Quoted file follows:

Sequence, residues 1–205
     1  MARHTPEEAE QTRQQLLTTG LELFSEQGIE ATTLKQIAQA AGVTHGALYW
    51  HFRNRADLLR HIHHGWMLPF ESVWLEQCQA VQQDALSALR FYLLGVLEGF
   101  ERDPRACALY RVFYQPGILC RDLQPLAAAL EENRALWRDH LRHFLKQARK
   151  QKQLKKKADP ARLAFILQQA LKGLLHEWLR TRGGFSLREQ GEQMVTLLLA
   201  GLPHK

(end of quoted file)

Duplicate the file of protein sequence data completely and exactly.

Sequence, residues 1–205
     1  MARHTPEEAE QTRQQLLTTG LELFSEQGIE ATTLKQIAQA AGVTHGALYW
    51  HFRNRADLLR HIHHGWMLPF ESVWLEQCQA VQQDALSALR FYLLGVLEGF
   101  ERDPRACALY RVFYQPGILC RDLQPLAAAL EENRALWRDH LRHFLKQARK
   151  QKQLKKKADP ARLAFILQQA LKGLLHEWLR TRGGFSLREQ GEQMVTLLLA
   201  GLPHK